• The monitoring component 108 is configured to obtain, acquire, or otherwise receive feedback 114 generated during, or in association with, the user's 106 interaction with the UX 104. The feedback 114 can be express or implied. For example, the feedback 114 can include a response to a feedback question (e.g., challenge-answer feedback, query feedback, etc.) provided to the user 106. As an additional example, the feedback 114 can be implied by the monitoring component 108 based on the user's 106 interaction (e.g., control, usage, inputs, etc.) with the UX 104, a sensed characteristic of the user 106 (e.g., heart rate, temperature, stress, etc.) during interaction with the UX 104, or an emotional response (e.g., pleased, frustrated, etc.) to the UX 104 or an event associated with the UX 104.
  • The update component 110 is configured to analyze or interpret the feedback 114, and adjust, modify, or otherwise update a user model 116 associated with the user 106 based in part on the analysis or interpretation. For example, the monitoring component 108 can monitor the user's 106 interaction with an application (e.g., UX 104), and determine that the user 106 predominately (e.g., above a predetermined threshold) employs a set of keyboard shortcuts to achieve an output or result in the application. The update component 110 can interpret the usage of keyboard shortcuts as a level of familiarity with the application's menu options, and update a corresponding attribute in the user model 116 to reflect the level familiarity with the menu options. The user model 116 can contain a set of attributes that indicate the user's 106 ability, comfort, familiarity, etc. with regard to various features or functions of the UX 104. For example, a first subset of the attributes can indicate a user's ability regarding a first feature or function of the UX 104, and a second subset of the attributes can indicate a user's ability regarding a second feature or function of the UX 104.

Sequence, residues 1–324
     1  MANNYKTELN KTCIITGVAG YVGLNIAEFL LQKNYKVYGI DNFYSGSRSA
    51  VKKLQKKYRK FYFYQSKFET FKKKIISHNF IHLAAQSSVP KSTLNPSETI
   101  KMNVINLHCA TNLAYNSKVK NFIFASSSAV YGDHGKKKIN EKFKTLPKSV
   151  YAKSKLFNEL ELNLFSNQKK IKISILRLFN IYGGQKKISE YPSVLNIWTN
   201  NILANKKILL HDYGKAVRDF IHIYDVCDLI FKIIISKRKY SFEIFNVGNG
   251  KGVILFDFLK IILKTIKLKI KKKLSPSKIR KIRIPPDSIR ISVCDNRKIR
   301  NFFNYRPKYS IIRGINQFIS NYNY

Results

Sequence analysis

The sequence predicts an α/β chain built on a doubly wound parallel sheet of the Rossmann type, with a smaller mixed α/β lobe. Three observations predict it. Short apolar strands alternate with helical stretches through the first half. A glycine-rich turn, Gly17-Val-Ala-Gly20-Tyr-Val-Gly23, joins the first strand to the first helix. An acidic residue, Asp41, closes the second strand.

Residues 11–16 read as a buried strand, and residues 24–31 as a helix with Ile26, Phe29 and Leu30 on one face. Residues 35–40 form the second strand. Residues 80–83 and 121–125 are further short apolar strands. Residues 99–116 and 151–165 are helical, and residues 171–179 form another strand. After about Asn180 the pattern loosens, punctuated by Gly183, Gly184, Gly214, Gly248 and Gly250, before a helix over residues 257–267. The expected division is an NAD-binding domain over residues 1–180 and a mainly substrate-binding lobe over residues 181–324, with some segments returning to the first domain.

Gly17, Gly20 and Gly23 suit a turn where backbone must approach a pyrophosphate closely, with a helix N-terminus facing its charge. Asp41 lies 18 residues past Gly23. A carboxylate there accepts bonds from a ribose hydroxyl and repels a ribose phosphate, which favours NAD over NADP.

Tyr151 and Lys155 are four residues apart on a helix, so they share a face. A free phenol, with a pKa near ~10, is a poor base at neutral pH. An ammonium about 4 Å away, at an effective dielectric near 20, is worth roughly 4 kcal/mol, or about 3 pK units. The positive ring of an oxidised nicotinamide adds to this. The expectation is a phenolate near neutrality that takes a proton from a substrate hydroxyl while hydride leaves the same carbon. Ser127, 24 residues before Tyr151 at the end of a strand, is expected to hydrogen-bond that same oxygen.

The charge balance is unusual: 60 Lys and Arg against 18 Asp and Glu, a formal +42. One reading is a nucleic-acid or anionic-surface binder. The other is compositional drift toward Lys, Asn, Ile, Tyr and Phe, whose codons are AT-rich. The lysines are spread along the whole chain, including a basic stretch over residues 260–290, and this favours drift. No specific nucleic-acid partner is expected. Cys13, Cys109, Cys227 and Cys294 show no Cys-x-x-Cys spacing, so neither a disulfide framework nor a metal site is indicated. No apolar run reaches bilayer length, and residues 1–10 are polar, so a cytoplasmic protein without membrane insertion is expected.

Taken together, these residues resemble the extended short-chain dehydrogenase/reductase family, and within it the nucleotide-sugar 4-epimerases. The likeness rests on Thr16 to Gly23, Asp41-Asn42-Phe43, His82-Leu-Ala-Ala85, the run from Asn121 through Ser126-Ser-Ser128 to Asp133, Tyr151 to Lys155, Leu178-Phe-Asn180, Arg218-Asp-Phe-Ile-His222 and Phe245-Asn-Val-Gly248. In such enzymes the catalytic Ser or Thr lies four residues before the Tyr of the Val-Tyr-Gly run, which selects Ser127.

• The update component 110 can update the user model 116 by assigning a grade, score, classification, etc. to one or more of the attributes in the user model 116. Additionally or alternatively, the update component 110 can update the user model 116 by incrementing or decrementing a value or score for one or more attributes in the user model. It is to be appreciated that although the user model 116 is illustrated as being maintained in a data store 118 associated with the user experience component 102, such implementation is not so limited. For instance, the user model 116 can be included in the user experience component 102, or maintained in a disparate location and accessed via a network connection.
  • The adaptation component 112 is configured to modify, adjust, or otherwise adapt the UX 104 based on the user model 116. The adaptation component 112 can add (e.g., display, expose, etc.) or remove (e.g., hide, suppress, etc.) features based on the user model 116. For example, when the user model 116 indicates that the user 106 predominately uses keyboard shortcuts for a first feature, the adaptation component 112 can hide a toolbar, or set of menus, in a user interface associated with the first feature. In addition, the adaptation component 112 can provide a set of services for the UX 104 based on the user model 116. For example, if the user model 116 indicates that the user 106 is unfamiliar or uncomfortable with a set of features for the UX 104, the adaptation can provide tutorials, remote assistance, or suggestions regarding the set of features.